A former parent at Whidbey Island Waldorf School gifted me with a beautiful, handmade cradle for my classroom. The timing was wonderful because as we speak another former parent is making a new baby doll for my class who will arrive after the winter break. This week I brought the cradle into the room. Some of the little children asked, “Why is this here?” And I replied, “We are getting ready for a new baby to come.” One little girl didn’t want to leave school until the baby arrived. She wanted to see the baby now.
This sentiment is universal among the world’s two and three year olds. They want what they want and they want it right now. But, having to wait is important for the child’s development. Waiting allows the child to experience anticipation for skills he will gain and develop the capacity to cope with struggles he will face later in life. I love this quote on the pleasure of waiting:
“It would have been better to come back at the same hour,” said the fox. “If for example, you came at four o’clock in the afternoon, then at three o’clock I shall begin to be happy. I shall feel happier and happier as the hour advances. At four o’clock, I shall be worrying and jumping about. I shall show you how happy I am! But if you come at just any time, I shall never know at what hour my heart is ready to greet you… One must observe the proper rites.” (From the Little Prince by Antoine de Saint-Exupery)
Seasonally, we are entering into a period of waiting. As darkness increases we longingly prepare for the coming of new light, celebrated in many religions in mid-winter festivals. The winter solstice marks the shortest period of daylight in the year and in the Northern Hemisphere takes place in the December solstice. Advent is a season observed in many Christian churches in preparation for the celebration of Christmas. It can also be observed as the anticipation of Winter Solstice and the return of the Sun. Advent, literally meaning the approach, the coming, can be marked with small, daily rituals over four weeks. It can be a gift to allow ourselves to fully enter into this dark period of waiting. To turn off all the lights and sit in glow of candle light or fire light in the evening. To allow holiday decorations to go up slowly — to wait for the celebration.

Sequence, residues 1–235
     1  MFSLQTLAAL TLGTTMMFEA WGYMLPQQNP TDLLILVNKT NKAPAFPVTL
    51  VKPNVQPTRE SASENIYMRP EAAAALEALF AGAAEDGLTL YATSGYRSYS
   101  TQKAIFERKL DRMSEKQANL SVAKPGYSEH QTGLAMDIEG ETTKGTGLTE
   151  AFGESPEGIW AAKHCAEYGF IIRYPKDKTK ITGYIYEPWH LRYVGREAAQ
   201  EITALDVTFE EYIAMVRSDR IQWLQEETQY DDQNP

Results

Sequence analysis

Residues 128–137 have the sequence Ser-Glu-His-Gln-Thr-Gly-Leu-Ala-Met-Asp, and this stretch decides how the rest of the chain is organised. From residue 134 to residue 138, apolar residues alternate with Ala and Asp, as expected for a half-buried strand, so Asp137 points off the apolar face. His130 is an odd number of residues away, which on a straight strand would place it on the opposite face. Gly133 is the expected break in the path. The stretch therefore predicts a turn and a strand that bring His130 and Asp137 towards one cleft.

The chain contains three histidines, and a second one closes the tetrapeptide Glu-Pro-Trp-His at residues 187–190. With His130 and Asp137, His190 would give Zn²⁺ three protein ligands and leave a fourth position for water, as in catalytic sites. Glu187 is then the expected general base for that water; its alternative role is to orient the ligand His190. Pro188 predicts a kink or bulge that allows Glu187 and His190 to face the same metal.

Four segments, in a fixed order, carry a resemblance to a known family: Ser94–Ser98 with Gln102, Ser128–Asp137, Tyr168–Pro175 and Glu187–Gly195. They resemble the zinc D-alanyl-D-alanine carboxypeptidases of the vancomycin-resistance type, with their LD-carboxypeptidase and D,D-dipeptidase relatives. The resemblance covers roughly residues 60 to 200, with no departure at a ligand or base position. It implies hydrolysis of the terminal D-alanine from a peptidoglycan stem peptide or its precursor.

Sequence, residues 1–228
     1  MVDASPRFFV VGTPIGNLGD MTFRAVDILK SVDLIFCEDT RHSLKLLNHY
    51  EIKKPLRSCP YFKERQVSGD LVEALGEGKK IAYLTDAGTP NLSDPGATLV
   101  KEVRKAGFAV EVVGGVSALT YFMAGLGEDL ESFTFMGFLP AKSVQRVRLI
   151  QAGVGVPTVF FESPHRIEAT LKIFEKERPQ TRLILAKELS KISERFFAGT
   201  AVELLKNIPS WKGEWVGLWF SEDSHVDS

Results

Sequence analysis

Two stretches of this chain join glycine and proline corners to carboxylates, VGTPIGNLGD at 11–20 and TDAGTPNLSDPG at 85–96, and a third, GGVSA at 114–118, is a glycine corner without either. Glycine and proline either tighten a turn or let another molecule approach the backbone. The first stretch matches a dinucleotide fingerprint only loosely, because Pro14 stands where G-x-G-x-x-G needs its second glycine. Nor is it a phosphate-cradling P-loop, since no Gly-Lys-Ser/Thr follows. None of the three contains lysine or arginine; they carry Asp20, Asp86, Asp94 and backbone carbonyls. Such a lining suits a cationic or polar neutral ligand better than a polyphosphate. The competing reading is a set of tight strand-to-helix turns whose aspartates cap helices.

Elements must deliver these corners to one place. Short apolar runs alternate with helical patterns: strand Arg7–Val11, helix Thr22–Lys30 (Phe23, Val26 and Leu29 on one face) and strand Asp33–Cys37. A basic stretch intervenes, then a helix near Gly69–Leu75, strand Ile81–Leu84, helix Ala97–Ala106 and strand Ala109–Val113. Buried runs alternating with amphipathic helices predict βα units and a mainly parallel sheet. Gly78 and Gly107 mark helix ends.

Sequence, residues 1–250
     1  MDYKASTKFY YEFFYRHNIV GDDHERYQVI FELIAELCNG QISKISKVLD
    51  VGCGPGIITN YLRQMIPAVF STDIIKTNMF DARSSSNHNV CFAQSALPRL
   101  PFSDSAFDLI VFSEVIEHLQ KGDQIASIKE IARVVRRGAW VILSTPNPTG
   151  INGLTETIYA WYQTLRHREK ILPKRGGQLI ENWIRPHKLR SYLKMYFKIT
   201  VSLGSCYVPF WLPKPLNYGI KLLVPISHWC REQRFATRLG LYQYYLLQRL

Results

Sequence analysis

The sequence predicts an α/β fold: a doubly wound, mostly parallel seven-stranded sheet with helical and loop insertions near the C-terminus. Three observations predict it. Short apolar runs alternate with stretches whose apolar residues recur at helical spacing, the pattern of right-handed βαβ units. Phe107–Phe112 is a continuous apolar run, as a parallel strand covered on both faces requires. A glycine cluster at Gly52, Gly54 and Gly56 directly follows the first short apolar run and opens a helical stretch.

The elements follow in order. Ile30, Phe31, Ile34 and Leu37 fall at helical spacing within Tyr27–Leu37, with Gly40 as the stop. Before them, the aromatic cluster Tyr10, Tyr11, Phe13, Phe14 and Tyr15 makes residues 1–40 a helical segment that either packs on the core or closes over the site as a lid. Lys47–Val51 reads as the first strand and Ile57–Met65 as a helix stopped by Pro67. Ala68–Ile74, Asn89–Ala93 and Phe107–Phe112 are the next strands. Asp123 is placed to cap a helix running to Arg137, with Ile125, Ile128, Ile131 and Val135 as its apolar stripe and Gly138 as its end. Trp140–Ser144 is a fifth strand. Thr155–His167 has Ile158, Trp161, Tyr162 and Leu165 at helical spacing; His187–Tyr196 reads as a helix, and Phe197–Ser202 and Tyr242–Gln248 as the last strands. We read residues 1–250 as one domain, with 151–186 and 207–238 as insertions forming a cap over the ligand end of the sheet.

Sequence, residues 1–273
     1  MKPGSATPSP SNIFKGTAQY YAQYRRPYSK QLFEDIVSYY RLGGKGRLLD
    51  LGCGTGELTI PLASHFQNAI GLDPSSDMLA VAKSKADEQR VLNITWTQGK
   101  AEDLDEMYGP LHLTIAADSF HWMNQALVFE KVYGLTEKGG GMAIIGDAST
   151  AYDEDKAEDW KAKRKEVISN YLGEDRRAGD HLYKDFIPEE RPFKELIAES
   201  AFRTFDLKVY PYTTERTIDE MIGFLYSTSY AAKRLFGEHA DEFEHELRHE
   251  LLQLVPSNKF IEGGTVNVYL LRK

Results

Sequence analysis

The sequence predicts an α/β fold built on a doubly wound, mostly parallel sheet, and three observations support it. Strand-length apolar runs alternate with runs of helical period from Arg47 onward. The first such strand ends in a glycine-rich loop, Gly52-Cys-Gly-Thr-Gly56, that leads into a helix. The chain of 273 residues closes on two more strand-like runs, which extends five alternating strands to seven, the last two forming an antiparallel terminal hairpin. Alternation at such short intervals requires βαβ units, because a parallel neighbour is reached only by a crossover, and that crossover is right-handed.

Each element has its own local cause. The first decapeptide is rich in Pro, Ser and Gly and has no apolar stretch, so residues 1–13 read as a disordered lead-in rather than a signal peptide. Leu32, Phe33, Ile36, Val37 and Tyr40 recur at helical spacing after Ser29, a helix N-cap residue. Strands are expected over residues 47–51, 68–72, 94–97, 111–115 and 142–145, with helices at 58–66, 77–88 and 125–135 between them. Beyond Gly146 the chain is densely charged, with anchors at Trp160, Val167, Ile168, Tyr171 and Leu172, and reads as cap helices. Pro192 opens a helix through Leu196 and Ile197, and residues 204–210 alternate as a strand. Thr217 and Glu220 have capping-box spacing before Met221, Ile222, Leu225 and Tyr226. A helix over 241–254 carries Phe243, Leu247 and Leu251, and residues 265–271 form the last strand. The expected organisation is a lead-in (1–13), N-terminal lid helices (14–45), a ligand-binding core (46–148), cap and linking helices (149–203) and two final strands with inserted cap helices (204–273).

In advent wreaths the first of four candles is lit on the first Sunday in this period. From the second Sunday two candles burn… and so on. The journey toward the light may be enhanced by giving attention to the four kingdoms of nature. During the first week stones and crystals are celebrated. The second week plants, which live upon the hard matter of earth, are added. The third week our thoughts go to animals which live on what earth and plants offer. Finally, as four candles are lit, the human being is noted in her place in the fullness of life on earth as the coming of light into the world is about to be celebrated.
With each week, a verse can be added as the candles are lit…
The first light of Advent is the light of the stones – that shines in the seashells, crystals, and bones.
The second light of Advent is the light of the plants – that reach up for the sun and in the breezes dance.
The third light of Advent is the light of the beasts – light of hope that shines in the greatest and the least.
The fourth light of Advent is the light of humankind – light of love and friendship in our heart, hands and mind.
What are ways you mark this time in the cycle of the year? I would love to hear the rituals, traditions and celebrations that live in your family.
Over stars angels wander with their shimmery shining robes
Radiant streams of starlight gather for the gift of love that they hold
Throngs of stars behold their passing, all the sky is filled with light
With their hands they weave and gather blessings on our garden of light